A side note on the hospital - dirtiest place I’ve been so far. I was afraid to touch anything and sit down for fear of what I might catch. Plus, smoking in a hospital is just a bad choice. 

Tagged: healthhealth carehospitalsChinahygeinecleanlinesssmokingamoebadiarrheaabdominal cramps

1st November 2012

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Sick. Again. My body is having a really hard time adjusting. I’ve been eating super clean, working out, keeping care of my mental health and still I’m sick. 

怎么办?

Tagged: ChineseChinaFujianLongyanTEFLexpatAmerican abroadsicktourist diarrhealaduzi

29th October 2012

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A typical meal here. This is from my thus far favorite restaurant. It’s close, us teachers go quite often. They have a large selection of dishes to select from, the people are very nice, and since they know me now no one stares or finds me strange, they just smile and ask me what I like.
For lunch and dinner they prepare a spread of about 20 dishes. You pick three vegetable dishes and two protein dishes (meat, tofu and egg). Then you get rice. All that (the picture) for 6.5 kuai, a dollar and four cents. You can get the soup of the day for 2 kuai more (32 cents). 
This is the normal order for me (and is pictured here): Green beans (not visible), cabbage, baby bok choy, egg fried with tomatoes, and pork meat/fat. 

A typical meal here. This is from my thus far favorite restaurant. It’s close, us teachers go quite often. They have a large selection of dishes to select from, the people are very nice, and since they know me now no one stares or finds me strange, they just smile and ask me what I like.

For lunch and dinner they prepare a spread of about 20 dishes. You pick three vegetable dishes and two protein dishes (meat, tofu and egg). Then you get rice. All that (the picture) for 6.5 kuai, a dollar and four cents. You can get the soup of the day for 2 kuai more (32 cents).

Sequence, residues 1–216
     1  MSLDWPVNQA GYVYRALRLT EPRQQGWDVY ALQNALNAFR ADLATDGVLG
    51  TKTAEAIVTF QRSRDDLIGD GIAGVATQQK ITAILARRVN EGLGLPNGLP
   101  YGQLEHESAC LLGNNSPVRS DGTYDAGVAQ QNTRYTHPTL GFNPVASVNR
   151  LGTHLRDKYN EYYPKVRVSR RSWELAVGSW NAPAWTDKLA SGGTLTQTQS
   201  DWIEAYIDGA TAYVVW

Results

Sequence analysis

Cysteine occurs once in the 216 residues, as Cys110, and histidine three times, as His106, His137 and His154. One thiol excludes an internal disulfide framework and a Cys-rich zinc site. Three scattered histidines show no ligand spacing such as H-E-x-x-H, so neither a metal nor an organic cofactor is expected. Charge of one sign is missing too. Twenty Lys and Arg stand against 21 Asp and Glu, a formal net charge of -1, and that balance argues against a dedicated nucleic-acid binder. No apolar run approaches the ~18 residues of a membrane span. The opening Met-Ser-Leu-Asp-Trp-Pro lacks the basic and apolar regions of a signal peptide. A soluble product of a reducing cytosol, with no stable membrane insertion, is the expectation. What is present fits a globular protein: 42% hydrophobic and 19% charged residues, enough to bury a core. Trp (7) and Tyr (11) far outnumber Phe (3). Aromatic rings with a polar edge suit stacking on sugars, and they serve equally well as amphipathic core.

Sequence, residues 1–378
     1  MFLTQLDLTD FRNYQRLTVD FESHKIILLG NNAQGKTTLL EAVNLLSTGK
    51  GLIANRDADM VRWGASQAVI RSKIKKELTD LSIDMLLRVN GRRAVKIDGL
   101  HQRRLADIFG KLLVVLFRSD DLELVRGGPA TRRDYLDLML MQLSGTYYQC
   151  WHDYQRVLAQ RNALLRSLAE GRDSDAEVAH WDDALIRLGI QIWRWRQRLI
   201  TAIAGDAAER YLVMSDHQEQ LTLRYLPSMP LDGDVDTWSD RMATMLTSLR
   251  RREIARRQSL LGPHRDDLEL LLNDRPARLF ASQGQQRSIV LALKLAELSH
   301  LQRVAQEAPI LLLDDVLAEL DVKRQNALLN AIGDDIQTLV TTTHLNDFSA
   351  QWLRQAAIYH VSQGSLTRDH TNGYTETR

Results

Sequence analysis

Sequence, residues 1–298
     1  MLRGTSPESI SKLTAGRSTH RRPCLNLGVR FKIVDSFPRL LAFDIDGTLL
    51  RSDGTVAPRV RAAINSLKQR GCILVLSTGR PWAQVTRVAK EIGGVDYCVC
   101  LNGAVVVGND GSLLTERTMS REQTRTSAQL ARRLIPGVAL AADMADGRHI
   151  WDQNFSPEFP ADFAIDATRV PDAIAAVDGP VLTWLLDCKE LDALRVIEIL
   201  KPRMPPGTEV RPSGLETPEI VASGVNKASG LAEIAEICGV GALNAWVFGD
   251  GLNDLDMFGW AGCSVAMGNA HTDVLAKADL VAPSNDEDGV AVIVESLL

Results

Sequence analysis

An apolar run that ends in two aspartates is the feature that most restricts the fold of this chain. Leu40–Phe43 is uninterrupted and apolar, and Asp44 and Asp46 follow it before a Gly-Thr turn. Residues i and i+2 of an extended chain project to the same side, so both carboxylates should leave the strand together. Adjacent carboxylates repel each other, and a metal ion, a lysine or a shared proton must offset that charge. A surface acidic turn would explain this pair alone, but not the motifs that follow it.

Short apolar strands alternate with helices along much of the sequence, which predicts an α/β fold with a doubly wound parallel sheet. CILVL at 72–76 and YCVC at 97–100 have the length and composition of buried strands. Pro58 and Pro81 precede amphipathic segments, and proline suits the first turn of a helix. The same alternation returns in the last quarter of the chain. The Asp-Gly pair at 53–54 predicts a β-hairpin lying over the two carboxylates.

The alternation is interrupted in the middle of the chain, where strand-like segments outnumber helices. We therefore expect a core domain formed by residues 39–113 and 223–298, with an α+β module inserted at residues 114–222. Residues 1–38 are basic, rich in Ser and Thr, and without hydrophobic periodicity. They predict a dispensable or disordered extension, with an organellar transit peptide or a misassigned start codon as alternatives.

This is the normal order for me (and is pictured here): Green beans (not visible), cabbage, baby bok choy, egg fried with tomatoes, and pork meat/fat. 

Tagged: baby bok choygreen beanstofucabbageporkeggtomatoescheaplunchto gorestaurantChinaChinese foodexpatAmerican abroadTEFL

29th October 2012

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My own class :)

Turns out I do have my own class :)

5 students, ages 14-17, English level around my Chinese level (some not quite there, some better)

I get to teach whatever I want, however I want. I can test, I can quiz, I can make them write, I can make them speak. I am in charge. I love it. 

Yesterday I had them write me a short composition about themselves so I could get to know them, and their vocab and grammar levels. Then we talked. I realized I was doing most of the talking and that needed to change. Gave them random topics and made them give small speeches.

Learning English here is all about learning to memorize, recognize and recite the text. 98% of students cannot produce any original material and if you ask them a question that’s not in the book, even if they have studied all the words in your question, they are unable to understand your question and answer you. So these small speeches, I don’t care what they talk about, as long as they stand there and words come out of their mouth for a minute. It will help build confidence, vocabulary and an ability to understand English contextually, even if they don’t know every word.

Next week I’m gonna bring in some English songs with lyrics, maybe an episode of Friends, and I think I’m going to make them write a poem :)